In the library the other day I chanced upon a lovely edition of Helen Waddell's Beasts and Saints (1934), a "collection of stories of the mutual charities between saints and beasts, from the end of the fourth to the end of the twelfth century translated from the original Latin and illustrated with many wood cuts." I liked the pictures and took photos with my phone, but foolishly I forgot to note down which image was which saint. The first one is presumably St Brendan. The middle one is the Dragon tamed by the Blessed Ammon. I'm told (by Karl Steel) that the guy reading a book whilst riding the placid crocodile (my favourite image, actually) is St Pachome.
‘Could a rule be given from without, poetry would cease to be poetry, and sink into a mechanical art. It would be μóρφωσις, not ποίησις. The rules of the IMAGINATION are themselves the very powers of growth and production. The words to which they are reducible, present only the outlines and external appearance of the fruit. A deceptive counterfeit of the superficial form and colours may be elaborated; but the marble peach feels cold and heavy, and children only put it to their mouths.’ [Coleridge, Biographia ch. 18]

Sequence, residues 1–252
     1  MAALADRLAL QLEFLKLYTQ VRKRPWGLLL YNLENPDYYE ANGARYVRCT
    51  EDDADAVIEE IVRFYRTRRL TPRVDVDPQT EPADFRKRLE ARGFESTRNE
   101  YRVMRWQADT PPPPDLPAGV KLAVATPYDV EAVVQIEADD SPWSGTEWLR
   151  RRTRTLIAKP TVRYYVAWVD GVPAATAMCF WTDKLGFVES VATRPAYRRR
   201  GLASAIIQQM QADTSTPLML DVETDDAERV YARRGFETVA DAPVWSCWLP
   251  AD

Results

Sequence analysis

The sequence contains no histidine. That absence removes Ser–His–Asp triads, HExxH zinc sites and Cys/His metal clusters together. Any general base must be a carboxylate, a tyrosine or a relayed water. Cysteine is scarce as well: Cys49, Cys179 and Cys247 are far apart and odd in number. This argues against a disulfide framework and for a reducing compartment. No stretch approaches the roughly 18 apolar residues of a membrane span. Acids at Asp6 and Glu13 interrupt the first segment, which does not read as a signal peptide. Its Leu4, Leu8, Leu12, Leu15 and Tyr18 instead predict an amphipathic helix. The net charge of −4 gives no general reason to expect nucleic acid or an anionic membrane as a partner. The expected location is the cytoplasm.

‘ποίησις’ (poiēsis) means ‘a making, a creation, a production’ and is used of poetry in Aristotle and Plato. ‘μóρφωσις’ (morphōsis) in essence means the same thing: ‘a shaping, a bringing into shape.’ But Coleridge has in mind the New Testament use of the word as ‘semblance’ or ‘outward appearance’, which the KJV translates as ‘form’: ‘An instructor of the foolish, a teacher of babes, which hast the form [μóρφωσις] of knowledge and of the truth in the law’ [Romans 2:20]; ‘Having a form [μóρφωσις] of godliness, but denying the power thereof: from such turn away’ [2 Timothy 3:5]. I trust that's clear.
There is much more on Coleridge at my other, Coleridgean blog.